Director Jimmy Hendrickx’s winsome and melancholy doc explores punk and tattoo subcultures in Indonesia
A PUNK DAYDREAM (Jimmy Hendrickx, Belgium/Indonesia). 64 minutes. Rating: NNNN
Indonesia is home to thriving punk and tattoo scenes, but youth who throw themselves into subculture can find themselves marginalized. The fierce urge to avoid the country’s military culture while battling the depression that comes with social alienation is the focus of this winsome and melancholy doc revolving around charismatic Jakarta street punk Eka.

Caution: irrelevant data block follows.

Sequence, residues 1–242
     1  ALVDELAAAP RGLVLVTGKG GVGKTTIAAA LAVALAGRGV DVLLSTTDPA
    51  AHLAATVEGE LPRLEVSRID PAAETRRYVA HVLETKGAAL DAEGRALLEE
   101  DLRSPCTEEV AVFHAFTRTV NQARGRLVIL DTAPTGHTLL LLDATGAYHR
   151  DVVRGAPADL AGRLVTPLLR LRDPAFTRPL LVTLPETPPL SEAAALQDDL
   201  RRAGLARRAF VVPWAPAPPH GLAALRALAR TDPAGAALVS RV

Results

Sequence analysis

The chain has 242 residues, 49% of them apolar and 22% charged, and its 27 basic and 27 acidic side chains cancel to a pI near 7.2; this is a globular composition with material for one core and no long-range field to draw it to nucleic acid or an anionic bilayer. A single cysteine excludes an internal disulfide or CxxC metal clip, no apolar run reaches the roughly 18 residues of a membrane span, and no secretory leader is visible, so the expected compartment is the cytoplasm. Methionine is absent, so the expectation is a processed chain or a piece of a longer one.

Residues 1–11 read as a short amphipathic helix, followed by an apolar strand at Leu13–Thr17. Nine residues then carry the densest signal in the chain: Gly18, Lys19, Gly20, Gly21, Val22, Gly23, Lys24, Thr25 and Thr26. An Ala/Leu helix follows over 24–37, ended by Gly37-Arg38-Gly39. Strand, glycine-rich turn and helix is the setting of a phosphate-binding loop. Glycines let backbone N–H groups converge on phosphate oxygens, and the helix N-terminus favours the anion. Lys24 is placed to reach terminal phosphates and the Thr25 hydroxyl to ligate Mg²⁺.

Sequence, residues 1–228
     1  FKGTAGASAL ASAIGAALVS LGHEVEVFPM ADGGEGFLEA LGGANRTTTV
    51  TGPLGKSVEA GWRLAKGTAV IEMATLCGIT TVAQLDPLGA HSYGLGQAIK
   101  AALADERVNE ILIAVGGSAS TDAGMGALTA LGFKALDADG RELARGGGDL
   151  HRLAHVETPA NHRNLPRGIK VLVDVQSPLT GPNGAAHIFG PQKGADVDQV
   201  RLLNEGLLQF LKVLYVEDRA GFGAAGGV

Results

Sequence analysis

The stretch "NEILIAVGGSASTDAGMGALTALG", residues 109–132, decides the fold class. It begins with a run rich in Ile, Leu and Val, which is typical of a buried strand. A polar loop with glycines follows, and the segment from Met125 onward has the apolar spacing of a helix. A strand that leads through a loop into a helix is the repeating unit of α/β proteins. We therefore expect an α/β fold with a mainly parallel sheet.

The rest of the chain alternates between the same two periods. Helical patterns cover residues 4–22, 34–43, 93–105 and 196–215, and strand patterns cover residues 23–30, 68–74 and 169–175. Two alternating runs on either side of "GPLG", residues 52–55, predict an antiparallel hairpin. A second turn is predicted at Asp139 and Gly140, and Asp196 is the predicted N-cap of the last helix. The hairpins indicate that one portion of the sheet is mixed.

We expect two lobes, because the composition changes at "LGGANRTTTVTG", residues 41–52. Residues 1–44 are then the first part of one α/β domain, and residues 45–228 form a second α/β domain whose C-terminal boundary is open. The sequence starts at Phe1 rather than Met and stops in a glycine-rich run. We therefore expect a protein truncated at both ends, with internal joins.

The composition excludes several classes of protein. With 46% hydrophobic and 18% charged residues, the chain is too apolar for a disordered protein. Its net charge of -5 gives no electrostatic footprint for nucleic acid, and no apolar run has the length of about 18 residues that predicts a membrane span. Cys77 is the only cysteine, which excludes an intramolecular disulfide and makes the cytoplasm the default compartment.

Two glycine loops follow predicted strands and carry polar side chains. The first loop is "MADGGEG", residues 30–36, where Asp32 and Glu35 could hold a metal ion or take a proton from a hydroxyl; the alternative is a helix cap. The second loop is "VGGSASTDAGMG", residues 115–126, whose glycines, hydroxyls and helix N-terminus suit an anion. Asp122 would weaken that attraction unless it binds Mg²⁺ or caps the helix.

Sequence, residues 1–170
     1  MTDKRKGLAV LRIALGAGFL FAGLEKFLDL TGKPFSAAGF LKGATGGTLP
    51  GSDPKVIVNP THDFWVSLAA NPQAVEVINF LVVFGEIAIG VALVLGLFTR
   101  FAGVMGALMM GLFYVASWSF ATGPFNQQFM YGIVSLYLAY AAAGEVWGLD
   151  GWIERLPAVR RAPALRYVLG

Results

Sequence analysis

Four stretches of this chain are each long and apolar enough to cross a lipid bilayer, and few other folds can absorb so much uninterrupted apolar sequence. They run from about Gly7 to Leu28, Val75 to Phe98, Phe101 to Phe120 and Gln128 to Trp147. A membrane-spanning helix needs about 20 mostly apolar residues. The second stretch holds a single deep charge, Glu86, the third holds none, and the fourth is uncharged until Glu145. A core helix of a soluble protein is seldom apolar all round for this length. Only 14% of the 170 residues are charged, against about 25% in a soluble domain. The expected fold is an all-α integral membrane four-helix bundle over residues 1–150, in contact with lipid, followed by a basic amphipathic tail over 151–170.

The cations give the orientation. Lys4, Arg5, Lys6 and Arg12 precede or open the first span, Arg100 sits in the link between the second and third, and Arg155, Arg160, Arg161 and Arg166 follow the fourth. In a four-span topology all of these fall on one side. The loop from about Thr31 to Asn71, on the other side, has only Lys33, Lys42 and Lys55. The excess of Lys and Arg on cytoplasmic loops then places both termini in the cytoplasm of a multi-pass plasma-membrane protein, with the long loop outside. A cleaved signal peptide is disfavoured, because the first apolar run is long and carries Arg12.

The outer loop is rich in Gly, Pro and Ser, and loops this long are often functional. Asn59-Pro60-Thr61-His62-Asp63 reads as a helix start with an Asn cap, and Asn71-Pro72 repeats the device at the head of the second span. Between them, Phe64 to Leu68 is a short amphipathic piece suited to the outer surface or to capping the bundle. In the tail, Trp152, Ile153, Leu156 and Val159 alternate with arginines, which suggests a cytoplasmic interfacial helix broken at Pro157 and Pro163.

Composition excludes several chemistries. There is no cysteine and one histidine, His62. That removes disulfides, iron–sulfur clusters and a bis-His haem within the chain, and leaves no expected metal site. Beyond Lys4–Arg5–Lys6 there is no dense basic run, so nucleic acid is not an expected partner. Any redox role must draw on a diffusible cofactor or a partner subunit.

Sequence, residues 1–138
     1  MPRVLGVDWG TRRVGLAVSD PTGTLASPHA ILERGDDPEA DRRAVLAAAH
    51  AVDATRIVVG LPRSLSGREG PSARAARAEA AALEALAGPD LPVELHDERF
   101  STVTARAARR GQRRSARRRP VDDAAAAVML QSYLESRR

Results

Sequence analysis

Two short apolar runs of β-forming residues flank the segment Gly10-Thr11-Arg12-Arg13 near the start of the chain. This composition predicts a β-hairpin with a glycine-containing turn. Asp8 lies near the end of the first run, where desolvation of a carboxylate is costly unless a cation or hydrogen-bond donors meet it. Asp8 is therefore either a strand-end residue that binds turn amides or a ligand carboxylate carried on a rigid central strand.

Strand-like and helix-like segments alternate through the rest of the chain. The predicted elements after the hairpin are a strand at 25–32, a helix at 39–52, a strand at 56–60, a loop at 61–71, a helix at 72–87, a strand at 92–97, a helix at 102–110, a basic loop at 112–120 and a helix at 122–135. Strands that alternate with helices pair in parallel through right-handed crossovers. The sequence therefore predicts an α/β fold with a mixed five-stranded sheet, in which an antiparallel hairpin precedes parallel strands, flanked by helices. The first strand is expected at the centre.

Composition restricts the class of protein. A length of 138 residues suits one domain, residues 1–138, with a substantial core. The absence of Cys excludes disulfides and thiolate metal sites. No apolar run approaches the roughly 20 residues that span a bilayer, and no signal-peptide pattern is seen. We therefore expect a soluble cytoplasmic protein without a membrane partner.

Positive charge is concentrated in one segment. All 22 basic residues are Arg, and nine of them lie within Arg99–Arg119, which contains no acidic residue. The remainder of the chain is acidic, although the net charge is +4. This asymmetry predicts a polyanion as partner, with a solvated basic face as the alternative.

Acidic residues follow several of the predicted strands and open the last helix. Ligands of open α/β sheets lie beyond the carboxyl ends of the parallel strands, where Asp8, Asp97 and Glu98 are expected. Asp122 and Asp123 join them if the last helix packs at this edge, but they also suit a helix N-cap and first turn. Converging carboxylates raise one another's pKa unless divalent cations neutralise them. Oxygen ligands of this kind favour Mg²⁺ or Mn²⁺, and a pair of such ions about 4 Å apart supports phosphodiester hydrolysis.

Director Jimmy Hendrickx’s roving camera follows Eka and his friends as they goof around, hustle for money and interact with family members, some more accepting than others. He also draws parallels between punk culture and traditional tattoos of the Indigenous Dayak people, who live under the spectre of industrial and government encroachment.
Associative editing and an emphasis on shifting landscapes give the punk imagination a compelling visual metaphor. Though Hendrickx cravenly cribs from landmark Indonesia-set doc The Act Of Killing with staged surreal touches and by having Eka act out traumatic situations on a stage, A Punk Daydream offers a unique view into the damaging effects of capitalism and nationalism.